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Asian Markets Mixed After U.S. Fed Cuts Rate by Quarter Point

Published 10/30/2019, 10:49 PM
Updated 10/30/2019, 10:49 PM
© Reuters.

Investing.com - Asian markets were mixed in morning trade on Thursday after the U.S. Federal Reserve slashed its benchmark funds rate by 25 basis points to a range of 1.5% to 1.75%, as expected.

The Shanghai Composite slipped 0.1% by 10:45 PM ET (02:45 GMT), while the Shenzhen Component inched up 0.1% after China reported that the country’s official purchasing managers’ index for manufacturing came in at 49.3 in October. The number was previously expected to stay flat .

Hong Kong’s Hang Seng Index gained 1.2%.

Traders also paid attention to the Sino-U.S. trade front, as Chile unexpectedly cancelled November’s APEC meeting where Beijing and Washington were said to be signing a partial trade pact. The cancellation was due to social unrest that continued to rock Santiago, reports said.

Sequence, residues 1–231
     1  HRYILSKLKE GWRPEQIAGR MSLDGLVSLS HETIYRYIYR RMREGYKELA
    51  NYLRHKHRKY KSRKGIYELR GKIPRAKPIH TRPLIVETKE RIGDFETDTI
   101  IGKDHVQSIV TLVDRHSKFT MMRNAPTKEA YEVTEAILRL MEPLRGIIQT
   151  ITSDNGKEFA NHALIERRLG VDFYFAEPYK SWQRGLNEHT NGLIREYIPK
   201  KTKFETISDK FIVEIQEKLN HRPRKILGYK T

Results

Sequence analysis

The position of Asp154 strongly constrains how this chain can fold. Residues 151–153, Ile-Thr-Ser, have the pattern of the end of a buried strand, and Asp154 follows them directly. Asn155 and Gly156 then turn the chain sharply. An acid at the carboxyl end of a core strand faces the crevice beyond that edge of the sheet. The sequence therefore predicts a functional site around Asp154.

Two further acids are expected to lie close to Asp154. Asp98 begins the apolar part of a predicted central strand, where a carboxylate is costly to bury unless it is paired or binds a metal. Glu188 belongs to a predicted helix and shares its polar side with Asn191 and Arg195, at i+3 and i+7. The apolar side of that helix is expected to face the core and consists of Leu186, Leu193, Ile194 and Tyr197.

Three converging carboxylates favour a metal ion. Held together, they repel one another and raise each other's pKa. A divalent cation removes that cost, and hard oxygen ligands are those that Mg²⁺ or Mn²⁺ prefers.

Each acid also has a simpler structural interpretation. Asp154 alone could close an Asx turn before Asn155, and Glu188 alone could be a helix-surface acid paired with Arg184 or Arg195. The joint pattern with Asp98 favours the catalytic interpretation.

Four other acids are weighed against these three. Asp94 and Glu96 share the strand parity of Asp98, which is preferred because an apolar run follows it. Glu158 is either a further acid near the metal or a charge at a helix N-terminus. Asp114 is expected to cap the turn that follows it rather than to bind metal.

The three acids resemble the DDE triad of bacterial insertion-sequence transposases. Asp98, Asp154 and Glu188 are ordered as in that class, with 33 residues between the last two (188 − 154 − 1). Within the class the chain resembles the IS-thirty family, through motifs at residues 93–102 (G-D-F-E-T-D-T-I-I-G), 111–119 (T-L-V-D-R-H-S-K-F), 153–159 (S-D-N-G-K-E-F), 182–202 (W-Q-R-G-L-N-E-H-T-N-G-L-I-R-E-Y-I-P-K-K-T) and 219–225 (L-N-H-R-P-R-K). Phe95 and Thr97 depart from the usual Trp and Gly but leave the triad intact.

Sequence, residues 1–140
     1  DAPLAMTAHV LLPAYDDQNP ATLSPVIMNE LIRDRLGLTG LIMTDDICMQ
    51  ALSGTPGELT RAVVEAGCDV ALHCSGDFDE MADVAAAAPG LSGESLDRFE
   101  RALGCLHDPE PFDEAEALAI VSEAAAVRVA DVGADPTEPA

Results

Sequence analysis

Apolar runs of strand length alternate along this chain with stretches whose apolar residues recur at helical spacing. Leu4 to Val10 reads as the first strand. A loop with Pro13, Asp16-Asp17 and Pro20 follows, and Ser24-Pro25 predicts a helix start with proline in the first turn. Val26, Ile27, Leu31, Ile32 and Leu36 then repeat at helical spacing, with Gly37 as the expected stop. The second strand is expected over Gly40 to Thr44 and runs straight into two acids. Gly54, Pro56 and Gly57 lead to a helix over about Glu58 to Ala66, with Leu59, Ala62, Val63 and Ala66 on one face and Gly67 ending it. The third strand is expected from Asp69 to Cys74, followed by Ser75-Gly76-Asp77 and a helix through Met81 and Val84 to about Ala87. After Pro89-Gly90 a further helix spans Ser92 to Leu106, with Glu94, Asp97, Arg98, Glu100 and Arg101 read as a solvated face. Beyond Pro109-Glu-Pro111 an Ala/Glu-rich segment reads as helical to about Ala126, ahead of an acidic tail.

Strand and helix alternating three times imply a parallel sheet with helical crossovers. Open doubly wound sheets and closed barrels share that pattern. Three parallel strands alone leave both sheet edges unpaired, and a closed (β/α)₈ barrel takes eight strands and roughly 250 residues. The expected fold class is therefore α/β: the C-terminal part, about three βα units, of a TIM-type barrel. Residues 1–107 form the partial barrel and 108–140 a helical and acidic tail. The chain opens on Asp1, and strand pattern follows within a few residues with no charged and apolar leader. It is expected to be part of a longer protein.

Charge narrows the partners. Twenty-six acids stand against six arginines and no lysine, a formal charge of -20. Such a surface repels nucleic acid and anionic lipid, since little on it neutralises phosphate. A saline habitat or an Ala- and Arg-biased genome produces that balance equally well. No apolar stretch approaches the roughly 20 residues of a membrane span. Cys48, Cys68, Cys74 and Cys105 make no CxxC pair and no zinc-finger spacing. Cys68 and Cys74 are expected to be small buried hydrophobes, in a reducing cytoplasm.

Japan’s Nikkei 225 gained 0.3%. The Bank of Japan sets policy on Thursday and Governor Haruhiko Kuroda will hold a news conference.

South Korea’s KOSPI jumped 1.1%. Index heavyweight Samsung Electronics (KS:005930) reported on Thursday that its operating profit for the third quarter fell 56% year-on-year. The number ticked up almost 18% from the last quarter and was higher than the company’s guidance provided earlier this month.

For the fourth quarter, Samsung (KS:005930) said it expects “demand for components to turn sluggish in general amid weak seasonal effects, while marketing expenses are likely to increase to address year-end smartphone sales.”

Down under, Australia’s ASX 200 fell 0.5%.

Overnight, the U.S. Fed altered language in a post-meeting statements and indicated that it may pause rate cuts from here, as it removed a key clause that said the Fed was committed to “act as appropriate to sustain the expansion.”

Fed Chair Jerome Powell said in a news conference that central bank officials “see the current stance of monetary policy as likely to remain appropriate.”

“We see the current stance of policy as likely to remain appropriate as long as incoming information about the economy remains broadly consistent with our outlook.”

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Surely they shouldn't be worried If you know what I mean.
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